Caught in the act: a female gypsy moth laying eggs

A couple of weeks ago I spotted a familiar looking moth on a tree in the yard. It took me a couple of seconds to realize it was a female gypsy moth.

That gypsy moth was in the middle of laying its eggs. I could have destroyed it right there and then but decided against it. I thought  maybe a few readers of this blog might want to see what an egg-laying  gypsy moth looks like.

The brown egg mass it deposited contains hundreds of eggs, most of which will survive the winter and hatch next spring.  Cold winter weather doesn’t bother them at all. Once the tiny gypsy moth caterpillars hatch, they’ll climb the tree and start devouring leaves.

The egg mass laid by this female gypsy moth contains hundreds of eggs.

The next time you’re outside enjoying your yard, it might not be a bad idea to look for gypsy moth egg masses. They normally lay eggs on the trunks or lower branches of trees. You can also find them on backyard swing-sets, picnic tables, RVs — just about anything that’s left out side.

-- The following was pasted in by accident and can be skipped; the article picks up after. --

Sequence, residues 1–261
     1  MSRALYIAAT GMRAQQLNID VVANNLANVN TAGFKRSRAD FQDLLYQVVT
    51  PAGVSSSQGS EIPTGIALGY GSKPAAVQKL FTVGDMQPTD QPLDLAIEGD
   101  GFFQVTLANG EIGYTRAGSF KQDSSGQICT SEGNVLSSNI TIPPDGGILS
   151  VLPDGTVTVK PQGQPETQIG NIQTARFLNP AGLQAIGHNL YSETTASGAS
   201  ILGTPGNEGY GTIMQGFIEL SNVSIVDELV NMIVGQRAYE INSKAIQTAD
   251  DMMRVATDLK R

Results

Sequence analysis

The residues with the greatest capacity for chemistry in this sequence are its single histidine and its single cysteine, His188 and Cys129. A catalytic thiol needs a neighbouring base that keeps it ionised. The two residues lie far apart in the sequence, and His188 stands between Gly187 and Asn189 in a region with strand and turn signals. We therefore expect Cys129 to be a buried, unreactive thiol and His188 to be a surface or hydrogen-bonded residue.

It’s a good idea to destroy these eggs masses as soon as you find them. Scrape them off of the tree and throw them in the trash.  Don’t let them lay on the ground thinking that you took care of them. They’re pretty tough and will hatch even if left on the ground all winter.

Now I have a bit of a dilemma, do I take off that egg mass from my tree? Or do I leave it there until spring and take pictures for this blog of hatching gypsy moth caterpillars?

Bob Dluzen
As a result of being a gardener for more than 40 years, 30 of those as a professional, Bob's gardening has become an integral part of his life. "It's the ever-changing seasons and the wide variety of plants and gardens that keeps me intrigued," he says. Bob lives and gardens in rural Monroe County.